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The WKB approximation provides an approximative solution to the one-dimensional, time-independent Schrödinger equation

$$ -\frac{\hbar^{2}}{2m} \frac{d^{2}}{dx^{2}} \Psi(x) +V(x)\Psi(x)=E\Psi (x)$$

under the assumption that the potential $V(x)$ 'varies slowly' on the scale of the wavelength $\lambda$.

Can this sloppy assumption be turned in precise mathematical condition?

My unsuccessful attempt to express it as the condition $\frac{\Delta V}{\Delta \lambda} \ll 1 $ runs into troubles for dimensional reasons, since $V$ doesn’t have the dimension of a length.

Even more confusing in this approach above is that $\Delta V = V'(\xi) \Delta \lambda $ for $\xi \in [\lambda_0, \lambda_0 + \Delta \lambda] $ by the mean value theorem would lead to $V'(\xi) \ll 1$.

But the derivative $V'(x)$ of the potential is not necessarily almost zero globally, so something is wrong in my considerations.

Could somebody explain how the 'slow variation' of $V(X)$ on wavelength scale of $\lambda$ should be expressed mathematically here? My intention is to prove that if this 'slow variation' assumption is posed, then the WKB approximation approaches a solution. But in order to do it, I need to translate the condition on 'slow variation' into a strict mathematical form.

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    $\begingroup$ What matters is the fractional variation of the potential $\Delta V/V$, over the scale on which the wave function varies $\sim\lambda$. This is still not quite satisfactory, however, since the value of $V$ can be changed without changing the physics by shifting $V$ and $E$ simultaneously. It does deal with the units issue you are having though. $\endgroup$
    – Buzz
    Oct 8, 2022 at 23:51

2 Answers 2

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The basic assumption for the WKB approximation is that the potential $V(x)$ should vary slowly in space, compared to the wave function $\Psi(x)$. The more precise way to express this is $$\left| \frac{V''(x)}{V'(x)}\right| \ll \left|\frac{\Psi''(x)}{\Psi'(x)}\right|.$$ Usually, the wave function has a wave-like profile of the form $\sim e^{ikx}$, where $k$ is the wave vector defined locally and is related to wavelength through $\lambda=\frac{2\pi}{k}$, and therefore $$\left|\frac{\Psi''(x)}{\Psi'(x)}\right| \sim \frac{1}{\lambda}.$$ So $$\left|\frac{V''(x)}{V'(x)}\right|\ll \frac{1}{\lambda},$$ which is required for WKB to be valid. Approximately we can write, $$k\approx \sqrt{2m[E-V(x)]}$$ At points where $V(x)=E$ (the classical turning points) the local wavelength becomes large, and the inequality cannot be satisfied. So special care should be given to these points and matching the WKB solutions on both sides of these points is required.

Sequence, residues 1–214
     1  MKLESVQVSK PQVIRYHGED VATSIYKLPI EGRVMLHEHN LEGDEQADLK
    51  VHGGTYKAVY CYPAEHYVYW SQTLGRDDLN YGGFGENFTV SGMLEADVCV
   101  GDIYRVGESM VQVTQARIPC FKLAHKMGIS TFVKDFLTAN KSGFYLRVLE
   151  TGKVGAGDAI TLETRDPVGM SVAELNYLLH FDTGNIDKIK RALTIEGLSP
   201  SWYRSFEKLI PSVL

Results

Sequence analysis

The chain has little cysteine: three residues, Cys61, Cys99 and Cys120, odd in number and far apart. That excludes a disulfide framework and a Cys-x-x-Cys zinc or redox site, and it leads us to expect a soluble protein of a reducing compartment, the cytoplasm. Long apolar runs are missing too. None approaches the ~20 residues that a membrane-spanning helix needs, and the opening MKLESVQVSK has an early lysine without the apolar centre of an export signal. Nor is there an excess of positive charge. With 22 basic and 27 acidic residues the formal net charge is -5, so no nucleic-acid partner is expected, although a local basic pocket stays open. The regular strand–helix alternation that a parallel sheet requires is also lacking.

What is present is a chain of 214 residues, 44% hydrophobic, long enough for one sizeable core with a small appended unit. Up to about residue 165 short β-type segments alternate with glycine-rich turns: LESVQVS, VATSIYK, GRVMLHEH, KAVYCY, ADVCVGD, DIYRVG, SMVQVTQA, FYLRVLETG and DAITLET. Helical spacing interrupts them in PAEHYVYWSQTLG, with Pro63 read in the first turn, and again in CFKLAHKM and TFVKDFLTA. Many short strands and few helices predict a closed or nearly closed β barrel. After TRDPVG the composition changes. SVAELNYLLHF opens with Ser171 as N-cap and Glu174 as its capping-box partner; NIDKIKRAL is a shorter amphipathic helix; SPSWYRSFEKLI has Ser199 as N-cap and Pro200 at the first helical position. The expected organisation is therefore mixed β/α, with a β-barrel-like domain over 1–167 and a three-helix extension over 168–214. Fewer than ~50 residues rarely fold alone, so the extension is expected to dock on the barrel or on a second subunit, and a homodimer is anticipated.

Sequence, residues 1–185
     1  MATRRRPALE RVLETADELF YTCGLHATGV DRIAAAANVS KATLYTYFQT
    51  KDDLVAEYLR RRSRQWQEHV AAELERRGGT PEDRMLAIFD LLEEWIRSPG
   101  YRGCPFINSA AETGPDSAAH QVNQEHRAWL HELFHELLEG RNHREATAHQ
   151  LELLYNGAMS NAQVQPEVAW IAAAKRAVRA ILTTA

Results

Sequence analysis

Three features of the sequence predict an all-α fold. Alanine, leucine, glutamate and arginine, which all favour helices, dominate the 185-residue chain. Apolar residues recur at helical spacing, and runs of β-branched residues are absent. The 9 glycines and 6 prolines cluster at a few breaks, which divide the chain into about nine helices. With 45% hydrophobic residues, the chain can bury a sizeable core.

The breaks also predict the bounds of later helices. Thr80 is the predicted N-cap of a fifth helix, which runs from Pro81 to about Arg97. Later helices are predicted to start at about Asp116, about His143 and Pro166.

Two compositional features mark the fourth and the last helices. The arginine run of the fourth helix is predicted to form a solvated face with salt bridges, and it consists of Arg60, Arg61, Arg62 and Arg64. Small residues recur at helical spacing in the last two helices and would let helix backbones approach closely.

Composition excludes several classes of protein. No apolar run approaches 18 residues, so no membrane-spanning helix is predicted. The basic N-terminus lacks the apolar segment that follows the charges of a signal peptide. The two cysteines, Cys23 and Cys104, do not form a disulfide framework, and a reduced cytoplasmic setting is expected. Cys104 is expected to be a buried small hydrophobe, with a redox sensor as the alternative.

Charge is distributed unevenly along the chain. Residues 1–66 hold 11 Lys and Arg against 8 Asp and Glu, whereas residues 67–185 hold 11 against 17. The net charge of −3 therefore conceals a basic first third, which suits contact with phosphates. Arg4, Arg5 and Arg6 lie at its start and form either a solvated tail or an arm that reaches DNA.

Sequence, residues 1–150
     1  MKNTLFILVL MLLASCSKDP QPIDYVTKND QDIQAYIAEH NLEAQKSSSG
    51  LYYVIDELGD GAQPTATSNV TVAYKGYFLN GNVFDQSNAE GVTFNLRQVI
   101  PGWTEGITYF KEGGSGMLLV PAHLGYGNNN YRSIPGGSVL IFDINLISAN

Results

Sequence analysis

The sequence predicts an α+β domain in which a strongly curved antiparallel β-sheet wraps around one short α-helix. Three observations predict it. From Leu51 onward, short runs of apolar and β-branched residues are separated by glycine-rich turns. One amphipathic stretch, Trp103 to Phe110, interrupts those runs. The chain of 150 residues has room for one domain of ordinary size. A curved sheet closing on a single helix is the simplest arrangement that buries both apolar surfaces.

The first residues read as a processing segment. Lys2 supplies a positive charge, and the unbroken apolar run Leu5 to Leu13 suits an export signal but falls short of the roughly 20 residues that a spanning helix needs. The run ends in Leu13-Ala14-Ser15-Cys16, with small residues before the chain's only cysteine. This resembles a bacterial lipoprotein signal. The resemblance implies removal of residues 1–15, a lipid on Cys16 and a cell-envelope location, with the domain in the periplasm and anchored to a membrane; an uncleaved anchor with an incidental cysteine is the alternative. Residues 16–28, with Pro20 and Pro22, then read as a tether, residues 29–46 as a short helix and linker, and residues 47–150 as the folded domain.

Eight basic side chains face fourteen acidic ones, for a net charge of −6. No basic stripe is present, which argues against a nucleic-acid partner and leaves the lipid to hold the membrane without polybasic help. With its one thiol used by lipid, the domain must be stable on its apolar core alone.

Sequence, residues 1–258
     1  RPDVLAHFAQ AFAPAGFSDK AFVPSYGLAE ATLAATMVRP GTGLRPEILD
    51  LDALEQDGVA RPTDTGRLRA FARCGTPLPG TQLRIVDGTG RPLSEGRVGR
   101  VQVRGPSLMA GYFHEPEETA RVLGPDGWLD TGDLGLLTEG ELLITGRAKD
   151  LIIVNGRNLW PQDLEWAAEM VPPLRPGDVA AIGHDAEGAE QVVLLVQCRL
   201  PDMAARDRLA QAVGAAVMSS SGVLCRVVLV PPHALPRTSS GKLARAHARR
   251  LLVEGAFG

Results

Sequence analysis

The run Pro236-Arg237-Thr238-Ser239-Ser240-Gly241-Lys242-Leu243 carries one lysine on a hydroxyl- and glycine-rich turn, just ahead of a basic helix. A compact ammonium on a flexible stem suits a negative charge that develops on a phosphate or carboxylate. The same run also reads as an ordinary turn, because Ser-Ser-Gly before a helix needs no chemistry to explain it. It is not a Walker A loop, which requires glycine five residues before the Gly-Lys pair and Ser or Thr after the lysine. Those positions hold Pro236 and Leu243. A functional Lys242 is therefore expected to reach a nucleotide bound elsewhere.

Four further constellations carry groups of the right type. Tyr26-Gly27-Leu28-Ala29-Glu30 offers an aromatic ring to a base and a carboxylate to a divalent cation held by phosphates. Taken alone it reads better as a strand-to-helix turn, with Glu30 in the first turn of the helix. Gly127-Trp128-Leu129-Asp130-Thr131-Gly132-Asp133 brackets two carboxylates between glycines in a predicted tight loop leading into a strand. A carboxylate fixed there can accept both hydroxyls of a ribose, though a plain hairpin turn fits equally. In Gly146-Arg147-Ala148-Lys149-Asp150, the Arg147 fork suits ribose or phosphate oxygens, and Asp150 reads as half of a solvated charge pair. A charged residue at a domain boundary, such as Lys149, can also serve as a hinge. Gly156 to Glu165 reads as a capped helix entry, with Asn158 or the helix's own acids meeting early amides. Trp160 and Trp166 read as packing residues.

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  • $\begingroup$ I understand it now for WKB approximation. But this naturally rises following attempt to generalize my original question: Is it possible to express the vague phrase that 'some quantity $A(x)$ varies slowly on certain scale $ds$ of parameter $x$' concisely in mathematical terms in similar spirit (ie using an apropriate " $blabla \ \ll \ blabla$" condition like you did it for WKB? $\endgroup$
    – user267839
    Nov 16, 2022 at 23:31
  • $\begingroup$ The point is that for WKB you used for the formulation of the condition as additional input the knowledge about the shape of the wave function. But say we want to express a precise mathematical condition to the phrase that some quantity $A(x)$ varies slowly on certain scale of variable $x$ assuming we have no additional information about $A(x)$. Trying to mimic your approach can this condition on slow variation be always expressed mathematically as $\left|\frac{A''(x) \cdot ds}{A'(x)}\right|\ll 1$ or is the question too broad? $\endgroup$
    – user267839
    Nov 16, 2022 at 23:31
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It should be mentioned that the mathematical condition for the validity of the WKB approximation for the 1D TISE can be neatly formulated as $$\left| \frac{d\lambda(x)}{dx} \right|~\ll~2\pi, \tag{46.6}$$ where $$ \lambda(x) ~=~\frac{h}{p(x)}, \qquad p(x)~=~\sqrt{2m|E-V(x)|} ,$$ is the de Broglie wavelength, cf. Ref. [LL].

References:

  • [LL] L.D. Landau & E.M. Lifshitz, QM, Vol. 3, 2nd & 3rd ed, 1981; $\S46$.
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  • $\begingroup$ I have still a sneaky question: What about a generalization? Can in general the phrase that 'some value $A(x)$ varies slowly on certain scale $ds$ of argument $x$' be expressed precisely in mathematical terms in similar spirit like in WKB case? Note here we haven't any 'auxilary' constructions like the suitable generalization of the de Broglie wavelength function $\lambda(x) $ or the the wave function $\Psi(x)$ used in Hossein's answer in our quiver. My naive guess was that it can be $\endgroup$
    – user267839
    Nov 16, 2022 at 23:15
  • $\begingroup$ expressed like '$\vert \frac{A(x_0)-A(x)}{A(x_0)} \vert \ll 1$ for $x \in [x_0-ds, x_0+ds]$' but this would fail if eg $A(x_0) \approx 0$. So my question is if you know if it's possible to express the often used phrase in physics that some quantity $A(x)$ varies slowly on certain scale $ds$ of parameter $x$ can be formulated mathematically or is it in that generality not possible? $\endgroup$
    – user267839
    Nov 16, 2022 at 23:15

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